"It's like literary viagra.": a conversation with Eliza Graham

Yesterday, we introduced Eliza Graham's Playing with the Moon, a World Book Day ‘Hidden Gem’ nominee. Today, we're coffee-talking with Eliza (Or do Brits tea-talk? I forgot to ask.) about process, publishing, and the writing life.

Eliza, start by telling us how you got from there to here. Did you always know you’d be a writer?
I wanted to write from childhood onwards. My parents and later my husband gave me masses of encouragement. I had written fiction for about four or five years, getting the odd story published and acquiring two agents over the period. I never seemed to have any luck with finding a publisher, though, and found myself unagented when I'd finished Playing With the Moon. Macmillan had just launched a new scheme (Macmillan New Writing) to find writers who hadn't been published and you didn't need an agent and you could submit the WHOLE MANUSCRIPT BY EMAIL. I thought I had nothing to lose.

I was working away on my laptop at home when I received an email, not a call, and I kept scanning it to see if I'd missed the bit that said, '...but I'd like to wish you all the best for the future.' When I couldn't find those oh-so-familiar words I yelled at my husband to come down and check the email for me.

Playing With the Moon was published June 07 in hardback and comes out Feb. 08 in paperback. It's the story of a young couple, Tom and Minna, who come to a remote coastal village to recover from a terrible bereavement. They find a skeleton on a beach and are drawn into the mystery of a violent death that occurred just before the village was evacuated in WW2.

What’s the creative process like for you?
It starts with me finally having got both children off to school and picked up enough clothes and bags off the floor to be able to physically navigate a way to one of our laptops. I have one in the kitchen and one in my 'study'--our dining room. I sit in either place, depending on the time of year (the kitchen is warmer in winter, the dining room has a more interesting view). Usually I answer emails and check messages on various writing boards and try and do any outstanding editing work for my day-job (I am a freelancer). Then I look at what I wrote the day before and tell myself firmly to proceed. That last bit involves jumping up every five minutes on one pretext or another, unless I'm experiencing a flight of creativity. Usually I'm not. Because my writing is research-rich I have go check a lot of facts as I go and usually have to do a lot of reading which I enjoy a lot.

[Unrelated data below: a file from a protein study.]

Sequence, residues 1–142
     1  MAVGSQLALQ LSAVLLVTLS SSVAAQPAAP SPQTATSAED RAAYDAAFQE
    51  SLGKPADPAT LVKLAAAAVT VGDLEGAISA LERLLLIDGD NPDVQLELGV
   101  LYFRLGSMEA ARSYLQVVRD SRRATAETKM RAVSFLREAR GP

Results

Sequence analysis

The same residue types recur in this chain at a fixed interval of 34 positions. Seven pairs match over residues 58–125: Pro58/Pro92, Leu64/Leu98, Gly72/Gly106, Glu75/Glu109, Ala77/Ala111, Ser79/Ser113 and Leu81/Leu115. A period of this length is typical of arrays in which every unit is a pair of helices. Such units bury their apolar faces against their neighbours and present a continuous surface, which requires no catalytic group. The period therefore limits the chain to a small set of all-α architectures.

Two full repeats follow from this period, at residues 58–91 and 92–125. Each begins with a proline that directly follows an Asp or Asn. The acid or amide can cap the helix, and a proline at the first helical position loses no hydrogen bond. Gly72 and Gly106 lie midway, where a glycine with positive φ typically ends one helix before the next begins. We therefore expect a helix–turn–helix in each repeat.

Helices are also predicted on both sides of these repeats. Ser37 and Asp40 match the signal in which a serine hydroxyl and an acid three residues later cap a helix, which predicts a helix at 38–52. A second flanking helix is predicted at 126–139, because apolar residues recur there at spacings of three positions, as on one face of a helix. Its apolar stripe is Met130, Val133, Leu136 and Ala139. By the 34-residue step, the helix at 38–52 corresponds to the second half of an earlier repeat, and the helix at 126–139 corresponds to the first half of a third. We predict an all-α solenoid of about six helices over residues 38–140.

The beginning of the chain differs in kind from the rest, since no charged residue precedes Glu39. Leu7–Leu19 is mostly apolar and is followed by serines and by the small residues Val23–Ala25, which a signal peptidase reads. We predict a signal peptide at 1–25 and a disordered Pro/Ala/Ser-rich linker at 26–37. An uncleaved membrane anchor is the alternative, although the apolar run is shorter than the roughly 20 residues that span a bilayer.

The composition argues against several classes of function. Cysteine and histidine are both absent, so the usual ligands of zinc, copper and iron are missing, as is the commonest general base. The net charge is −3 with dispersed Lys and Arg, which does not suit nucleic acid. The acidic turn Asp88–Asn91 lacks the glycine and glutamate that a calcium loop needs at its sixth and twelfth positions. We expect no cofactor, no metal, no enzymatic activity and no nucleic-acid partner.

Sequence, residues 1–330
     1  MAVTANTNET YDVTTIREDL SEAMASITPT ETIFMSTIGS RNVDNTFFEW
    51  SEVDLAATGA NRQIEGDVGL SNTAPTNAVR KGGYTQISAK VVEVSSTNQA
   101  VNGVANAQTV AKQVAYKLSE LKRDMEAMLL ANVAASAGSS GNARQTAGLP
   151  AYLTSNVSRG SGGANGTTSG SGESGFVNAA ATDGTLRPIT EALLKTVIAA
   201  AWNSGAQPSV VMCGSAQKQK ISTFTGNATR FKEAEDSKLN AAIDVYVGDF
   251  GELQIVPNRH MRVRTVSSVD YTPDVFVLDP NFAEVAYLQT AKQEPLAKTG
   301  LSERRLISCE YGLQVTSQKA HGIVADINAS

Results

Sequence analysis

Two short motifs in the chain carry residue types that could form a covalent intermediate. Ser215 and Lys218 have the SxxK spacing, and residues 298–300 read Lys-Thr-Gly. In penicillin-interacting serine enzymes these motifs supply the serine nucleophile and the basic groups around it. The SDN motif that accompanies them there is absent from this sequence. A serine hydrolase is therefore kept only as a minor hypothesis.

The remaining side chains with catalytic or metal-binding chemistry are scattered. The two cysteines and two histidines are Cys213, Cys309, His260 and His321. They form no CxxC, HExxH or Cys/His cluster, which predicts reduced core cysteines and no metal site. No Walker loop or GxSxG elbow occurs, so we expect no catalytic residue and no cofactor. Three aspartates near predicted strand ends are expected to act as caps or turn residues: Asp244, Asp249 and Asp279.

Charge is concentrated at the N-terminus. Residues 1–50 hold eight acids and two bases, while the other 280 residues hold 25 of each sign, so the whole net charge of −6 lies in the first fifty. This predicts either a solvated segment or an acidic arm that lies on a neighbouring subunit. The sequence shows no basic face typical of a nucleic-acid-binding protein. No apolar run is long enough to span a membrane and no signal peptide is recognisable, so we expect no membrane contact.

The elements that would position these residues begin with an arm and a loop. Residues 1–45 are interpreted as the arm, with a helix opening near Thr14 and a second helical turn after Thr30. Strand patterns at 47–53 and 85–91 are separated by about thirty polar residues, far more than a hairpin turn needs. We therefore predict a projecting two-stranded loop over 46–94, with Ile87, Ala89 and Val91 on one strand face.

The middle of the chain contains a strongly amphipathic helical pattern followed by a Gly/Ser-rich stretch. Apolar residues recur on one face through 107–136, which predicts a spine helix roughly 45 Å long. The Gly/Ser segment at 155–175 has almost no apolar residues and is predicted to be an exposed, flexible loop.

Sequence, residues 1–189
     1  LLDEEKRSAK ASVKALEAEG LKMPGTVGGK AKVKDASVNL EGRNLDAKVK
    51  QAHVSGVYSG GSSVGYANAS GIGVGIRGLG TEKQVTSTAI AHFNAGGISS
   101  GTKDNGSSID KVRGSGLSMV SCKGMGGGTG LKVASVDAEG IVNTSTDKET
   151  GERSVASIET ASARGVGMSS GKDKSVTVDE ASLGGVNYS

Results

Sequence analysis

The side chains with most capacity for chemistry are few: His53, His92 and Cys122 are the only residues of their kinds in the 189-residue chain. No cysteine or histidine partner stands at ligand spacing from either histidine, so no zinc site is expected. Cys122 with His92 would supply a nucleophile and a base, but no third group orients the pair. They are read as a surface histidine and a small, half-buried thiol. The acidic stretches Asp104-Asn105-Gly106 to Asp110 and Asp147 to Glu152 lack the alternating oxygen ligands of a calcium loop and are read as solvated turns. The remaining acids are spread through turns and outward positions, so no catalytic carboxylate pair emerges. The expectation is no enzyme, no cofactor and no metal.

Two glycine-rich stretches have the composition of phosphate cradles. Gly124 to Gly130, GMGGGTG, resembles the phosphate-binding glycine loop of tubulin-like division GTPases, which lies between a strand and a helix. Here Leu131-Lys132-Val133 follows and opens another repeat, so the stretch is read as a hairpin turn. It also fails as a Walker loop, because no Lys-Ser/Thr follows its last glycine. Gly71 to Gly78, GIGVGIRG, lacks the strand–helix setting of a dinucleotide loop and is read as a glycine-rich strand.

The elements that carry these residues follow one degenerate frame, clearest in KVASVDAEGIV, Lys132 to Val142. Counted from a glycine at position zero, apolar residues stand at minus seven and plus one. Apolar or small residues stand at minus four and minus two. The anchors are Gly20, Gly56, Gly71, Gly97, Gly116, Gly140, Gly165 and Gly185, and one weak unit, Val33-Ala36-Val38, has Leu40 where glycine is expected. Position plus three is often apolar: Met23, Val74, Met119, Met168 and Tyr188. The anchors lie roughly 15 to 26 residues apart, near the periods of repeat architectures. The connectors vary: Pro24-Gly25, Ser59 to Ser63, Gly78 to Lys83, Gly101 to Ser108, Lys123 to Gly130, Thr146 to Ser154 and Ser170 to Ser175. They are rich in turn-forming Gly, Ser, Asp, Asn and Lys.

I love the occasional inspiration I get when I'm somewhere inappropriate (in the bath, shopping for food, on the way to take a child to a sports-ground, etc), It's like a shot of literary viagra. It doesn't happen to me as often as I'd like but it's so exciting when it does.

What about the publication and promotional process? Is it the adventure you thought it would be?
Two weeks ago we had a most surprising phone call from the editor of the German version of Playing With the Moon. They are making a television advertisement (almost like a little trailer) for the book and wanted to send a film crew here. I honestly thought someone was playing a joke on me for the first five minutes of the call. Anyway, last weekend the producer and stylist came to our little cottage and spent hours making me up (I definitely needed hours, I can tell you!) and filming me working at my desk, gardening, walking the dogs, etc. The most amusing bit was standing on a landing ramp on the edge of a very stormy sea doing a Meryl Streep in The French Lieutenant's Woman, and letting the wind blow my hair and scarf around me and praying I wouldn't fall in and get washed out into the Bristol Channel.

My favorite question for writers and pretty much everyone else I meet: What are you reading?
I've just finished another Macmillan New Writing author's book. Cover the Mirrors by Faye L Booth is funny and extremely well-researched novel about rogue spiritualists in the north of England in the middle of Victoria's reign. It's quite spicy as well. Spice is important this time of year.

Comments

Eliza's creative process sounds very much like mine. I have a really hard time settling into the day's work.
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